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The BBL's West Indian quartet go from friends to enemies in a Boxing Day showdown

The BBL's West Indian quartet go from friends to enemies in a Boxing Day showdown

The BBL’s West Indian quartet will go from Christmas Day dinner friends to cricketing enemies in a Boxing Day showdown

It’s a cultural mixing pot throughout the islands, which is just what the Big Bash has with four West Indian stars, from three different countries and three different cultures.

But a long way from home these holidays Jason Holder, Carlos Brathwaite, Nicholas Pooran and Andre “spiceman” Fletcher have come together in the Big Bash hub to bring a little bit of the Caribbean to the Gold Coast.

Holder recently joined Brathwaite at the Sydney Sixers after the Test series in New Zealand, with Nicholas Pooran linking up with Fletcher at the Melbourne Stars.

All four have left loved ones at home, with Brathwaite confirming his sick dog is now better and in thw hands of his wife.

And being in each other’s company has come at the perfect time.

“Funny enough, although there are four West Indians, we are from within three different nationalities and within those nationalities Christmas celebration will be slightly different,” said Brathwaite, who, like Holder, is from Barbados.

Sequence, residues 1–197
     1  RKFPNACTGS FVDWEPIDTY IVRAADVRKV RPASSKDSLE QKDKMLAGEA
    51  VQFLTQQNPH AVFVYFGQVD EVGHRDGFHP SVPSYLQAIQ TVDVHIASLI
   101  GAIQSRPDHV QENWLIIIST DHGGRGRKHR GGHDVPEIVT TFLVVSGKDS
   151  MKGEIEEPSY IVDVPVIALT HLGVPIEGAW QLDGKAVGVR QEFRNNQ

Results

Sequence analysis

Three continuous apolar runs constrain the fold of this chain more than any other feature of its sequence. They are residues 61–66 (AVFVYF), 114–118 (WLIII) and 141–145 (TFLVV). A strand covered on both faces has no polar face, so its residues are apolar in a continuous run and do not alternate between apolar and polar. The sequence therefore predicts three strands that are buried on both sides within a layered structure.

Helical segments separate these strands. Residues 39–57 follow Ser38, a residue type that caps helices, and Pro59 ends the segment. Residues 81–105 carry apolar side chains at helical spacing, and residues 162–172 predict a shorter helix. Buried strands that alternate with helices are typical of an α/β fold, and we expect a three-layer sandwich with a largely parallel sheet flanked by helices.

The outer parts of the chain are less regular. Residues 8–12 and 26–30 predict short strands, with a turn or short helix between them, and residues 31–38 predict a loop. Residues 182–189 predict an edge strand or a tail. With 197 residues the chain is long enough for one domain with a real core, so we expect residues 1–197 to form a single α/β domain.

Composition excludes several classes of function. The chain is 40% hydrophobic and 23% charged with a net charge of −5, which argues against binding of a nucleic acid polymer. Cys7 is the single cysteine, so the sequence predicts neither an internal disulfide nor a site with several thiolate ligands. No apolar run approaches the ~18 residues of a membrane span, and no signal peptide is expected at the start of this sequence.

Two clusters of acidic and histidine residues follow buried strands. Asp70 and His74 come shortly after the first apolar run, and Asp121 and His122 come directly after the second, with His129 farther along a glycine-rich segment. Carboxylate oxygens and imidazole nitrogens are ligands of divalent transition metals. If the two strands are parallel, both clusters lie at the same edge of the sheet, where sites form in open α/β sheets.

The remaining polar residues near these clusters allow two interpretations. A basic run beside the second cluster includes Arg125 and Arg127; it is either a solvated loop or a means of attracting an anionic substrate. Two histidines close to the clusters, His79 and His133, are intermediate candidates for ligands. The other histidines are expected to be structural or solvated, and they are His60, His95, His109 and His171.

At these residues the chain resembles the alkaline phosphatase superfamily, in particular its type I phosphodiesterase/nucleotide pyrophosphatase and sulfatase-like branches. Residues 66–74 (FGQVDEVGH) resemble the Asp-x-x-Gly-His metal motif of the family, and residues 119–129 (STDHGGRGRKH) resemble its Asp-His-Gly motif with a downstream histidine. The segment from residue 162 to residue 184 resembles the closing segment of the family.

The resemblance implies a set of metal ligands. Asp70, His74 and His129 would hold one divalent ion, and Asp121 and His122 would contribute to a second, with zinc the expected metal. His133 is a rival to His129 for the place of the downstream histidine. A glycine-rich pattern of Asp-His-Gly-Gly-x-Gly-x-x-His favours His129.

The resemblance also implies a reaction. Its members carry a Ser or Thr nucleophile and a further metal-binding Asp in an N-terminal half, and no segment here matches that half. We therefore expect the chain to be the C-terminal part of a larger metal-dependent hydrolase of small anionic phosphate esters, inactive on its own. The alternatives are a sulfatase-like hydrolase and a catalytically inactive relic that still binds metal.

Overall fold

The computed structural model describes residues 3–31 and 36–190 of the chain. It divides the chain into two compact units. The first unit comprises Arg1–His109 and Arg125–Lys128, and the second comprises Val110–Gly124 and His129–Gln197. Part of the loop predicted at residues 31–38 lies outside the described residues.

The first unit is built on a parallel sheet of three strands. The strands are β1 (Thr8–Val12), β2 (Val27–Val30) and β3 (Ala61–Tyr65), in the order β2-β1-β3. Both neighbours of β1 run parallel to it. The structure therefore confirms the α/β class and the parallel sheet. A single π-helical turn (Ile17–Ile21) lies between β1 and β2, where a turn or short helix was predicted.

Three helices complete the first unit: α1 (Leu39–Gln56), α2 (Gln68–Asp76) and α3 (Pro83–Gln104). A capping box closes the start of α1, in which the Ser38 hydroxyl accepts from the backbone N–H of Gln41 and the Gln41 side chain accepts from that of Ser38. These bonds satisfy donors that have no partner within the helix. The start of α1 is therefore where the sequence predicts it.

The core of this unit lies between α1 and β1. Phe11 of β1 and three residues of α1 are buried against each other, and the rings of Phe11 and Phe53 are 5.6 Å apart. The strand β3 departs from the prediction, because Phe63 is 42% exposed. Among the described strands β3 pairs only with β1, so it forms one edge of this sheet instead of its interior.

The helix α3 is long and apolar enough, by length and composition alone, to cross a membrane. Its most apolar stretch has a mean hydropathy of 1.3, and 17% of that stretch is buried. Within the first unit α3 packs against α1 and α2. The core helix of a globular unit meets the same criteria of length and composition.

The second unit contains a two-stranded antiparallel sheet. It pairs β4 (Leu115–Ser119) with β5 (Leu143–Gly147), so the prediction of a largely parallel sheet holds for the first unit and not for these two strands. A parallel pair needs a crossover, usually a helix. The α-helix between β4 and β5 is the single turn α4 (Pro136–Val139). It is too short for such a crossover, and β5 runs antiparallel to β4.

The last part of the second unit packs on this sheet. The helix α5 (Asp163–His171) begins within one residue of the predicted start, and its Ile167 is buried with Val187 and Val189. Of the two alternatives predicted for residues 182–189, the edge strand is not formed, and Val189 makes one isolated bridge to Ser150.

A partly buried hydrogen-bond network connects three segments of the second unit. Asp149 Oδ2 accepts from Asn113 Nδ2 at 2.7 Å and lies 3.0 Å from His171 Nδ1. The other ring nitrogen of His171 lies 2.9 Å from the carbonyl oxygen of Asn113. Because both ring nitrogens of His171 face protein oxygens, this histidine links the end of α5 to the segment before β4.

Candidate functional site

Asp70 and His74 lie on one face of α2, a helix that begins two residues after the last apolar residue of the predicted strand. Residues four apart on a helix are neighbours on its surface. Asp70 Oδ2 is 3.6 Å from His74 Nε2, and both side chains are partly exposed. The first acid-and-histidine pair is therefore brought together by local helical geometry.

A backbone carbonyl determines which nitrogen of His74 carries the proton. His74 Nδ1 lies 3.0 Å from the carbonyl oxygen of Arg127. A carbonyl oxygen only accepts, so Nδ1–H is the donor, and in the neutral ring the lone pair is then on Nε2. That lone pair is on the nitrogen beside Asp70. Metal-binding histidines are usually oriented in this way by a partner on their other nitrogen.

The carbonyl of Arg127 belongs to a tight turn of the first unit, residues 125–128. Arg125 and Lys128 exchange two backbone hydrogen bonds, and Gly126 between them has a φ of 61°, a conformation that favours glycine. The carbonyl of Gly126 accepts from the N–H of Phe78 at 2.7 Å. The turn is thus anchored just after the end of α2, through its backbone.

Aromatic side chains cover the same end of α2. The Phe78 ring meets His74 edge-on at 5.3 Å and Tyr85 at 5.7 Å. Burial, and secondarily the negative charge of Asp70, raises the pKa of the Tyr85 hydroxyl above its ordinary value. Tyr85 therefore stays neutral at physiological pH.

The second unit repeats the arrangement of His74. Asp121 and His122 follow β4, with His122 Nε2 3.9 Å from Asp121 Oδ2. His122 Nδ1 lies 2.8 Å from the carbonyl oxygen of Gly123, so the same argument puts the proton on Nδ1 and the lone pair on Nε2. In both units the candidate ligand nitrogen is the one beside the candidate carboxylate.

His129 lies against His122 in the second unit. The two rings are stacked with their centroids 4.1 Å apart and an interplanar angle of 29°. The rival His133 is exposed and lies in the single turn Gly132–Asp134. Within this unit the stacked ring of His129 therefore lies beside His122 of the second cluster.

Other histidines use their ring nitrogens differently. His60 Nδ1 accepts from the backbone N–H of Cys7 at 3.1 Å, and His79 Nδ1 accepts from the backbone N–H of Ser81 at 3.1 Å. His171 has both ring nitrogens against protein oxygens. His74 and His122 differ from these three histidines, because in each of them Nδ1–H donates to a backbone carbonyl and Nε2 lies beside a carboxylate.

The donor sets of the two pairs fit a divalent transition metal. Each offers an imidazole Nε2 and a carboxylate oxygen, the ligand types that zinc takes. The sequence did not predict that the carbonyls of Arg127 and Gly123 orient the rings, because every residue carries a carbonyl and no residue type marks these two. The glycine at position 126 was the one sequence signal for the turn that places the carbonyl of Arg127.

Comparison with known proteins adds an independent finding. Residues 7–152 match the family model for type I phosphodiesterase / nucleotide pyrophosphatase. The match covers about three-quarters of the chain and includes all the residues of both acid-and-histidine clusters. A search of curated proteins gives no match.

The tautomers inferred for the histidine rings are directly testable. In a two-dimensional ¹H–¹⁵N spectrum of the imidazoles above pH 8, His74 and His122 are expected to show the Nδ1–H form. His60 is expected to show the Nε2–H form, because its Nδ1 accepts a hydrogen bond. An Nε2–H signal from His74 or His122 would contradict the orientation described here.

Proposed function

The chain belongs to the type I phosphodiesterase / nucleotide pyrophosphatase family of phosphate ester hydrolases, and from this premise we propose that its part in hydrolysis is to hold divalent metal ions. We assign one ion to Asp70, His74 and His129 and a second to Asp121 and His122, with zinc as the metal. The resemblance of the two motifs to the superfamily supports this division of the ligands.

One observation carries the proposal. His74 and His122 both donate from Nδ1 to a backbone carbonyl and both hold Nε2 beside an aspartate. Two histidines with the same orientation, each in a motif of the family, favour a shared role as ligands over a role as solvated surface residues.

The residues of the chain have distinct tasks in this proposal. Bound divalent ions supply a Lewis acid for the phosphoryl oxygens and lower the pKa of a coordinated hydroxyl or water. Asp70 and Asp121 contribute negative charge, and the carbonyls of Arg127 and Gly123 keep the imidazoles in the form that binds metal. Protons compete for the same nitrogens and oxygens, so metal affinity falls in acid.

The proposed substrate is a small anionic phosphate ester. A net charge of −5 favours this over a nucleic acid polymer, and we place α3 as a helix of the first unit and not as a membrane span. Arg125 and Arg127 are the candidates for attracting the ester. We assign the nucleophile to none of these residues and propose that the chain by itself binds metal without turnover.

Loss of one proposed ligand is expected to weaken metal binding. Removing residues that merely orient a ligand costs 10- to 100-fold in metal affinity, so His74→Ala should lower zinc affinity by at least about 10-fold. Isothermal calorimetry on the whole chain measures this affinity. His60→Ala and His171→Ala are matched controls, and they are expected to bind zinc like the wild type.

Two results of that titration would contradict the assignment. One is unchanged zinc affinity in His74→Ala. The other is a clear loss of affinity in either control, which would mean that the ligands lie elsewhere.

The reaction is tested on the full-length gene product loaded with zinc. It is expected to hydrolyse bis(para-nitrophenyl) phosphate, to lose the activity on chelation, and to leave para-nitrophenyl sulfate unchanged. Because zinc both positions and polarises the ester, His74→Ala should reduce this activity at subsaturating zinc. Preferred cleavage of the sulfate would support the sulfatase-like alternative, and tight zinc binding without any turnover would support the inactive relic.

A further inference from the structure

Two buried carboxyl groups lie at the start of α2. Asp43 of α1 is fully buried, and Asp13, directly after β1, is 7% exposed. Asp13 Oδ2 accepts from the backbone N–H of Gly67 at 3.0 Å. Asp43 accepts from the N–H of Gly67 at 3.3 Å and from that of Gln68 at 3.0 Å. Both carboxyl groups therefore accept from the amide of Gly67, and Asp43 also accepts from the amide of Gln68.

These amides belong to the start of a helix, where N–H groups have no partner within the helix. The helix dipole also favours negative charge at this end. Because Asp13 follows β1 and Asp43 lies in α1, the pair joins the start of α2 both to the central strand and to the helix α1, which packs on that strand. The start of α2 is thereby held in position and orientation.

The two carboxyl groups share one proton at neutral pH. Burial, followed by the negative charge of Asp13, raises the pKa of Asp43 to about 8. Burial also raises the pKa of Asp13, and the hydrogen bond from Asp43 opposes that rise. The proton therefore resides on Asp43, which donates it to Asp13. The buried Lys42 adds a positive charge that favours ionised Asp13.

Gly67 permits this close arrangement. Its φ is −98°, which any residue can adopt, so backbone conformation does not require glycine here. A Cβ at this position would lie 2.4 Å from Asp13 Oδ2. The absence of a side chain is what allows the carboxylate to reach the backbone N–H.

Pooran is from Trinidad and Tobago and Fletcher from Grenada.

“But all the celebrations have that Caribbean flavour. It will be great to get together and make it feel as close to home as possible,” Brathwaite said.

Friends on Christmas Day will however become Boxing Day foes when the four imports square off in a rematch of last year’s final, in which none of them played, and all those niceties will be put to one side.

“Off the field we are good friends, good mates and we’ve got things we chat about pertaining to the culture and stories we have, but once you get on the field, you are playing for the badge, friendships go out the window,” Brathwaite said.

“Yeah, you might share a smile because you do know that person, you have a soft spot for them, but you are contracted to play for a team. So I can assure you there won’t be too many niceties from us to them or from them to us. we’re all as competitive as possible.”

That competitiveness has an underlying motivation too.

Brathwaite and his fellow West Indians are driven to play their best when they get gigs in T20 competitions around the world, to create a pathway for the next generation to ensure Caribbean cricket remains a force.

“For sure. (Kieron) Pollard, (Dwayne)Bravo, Dre Russ, Chris Gayle, those guys have paved the wave for us to be here and it’s incumbent on us to put in enough performances that makes people look towards the West Indies for more players,” he said.

“Trying to keep that trying going along. we do have an extra bit of needle to fight hard and pull through the next generation.”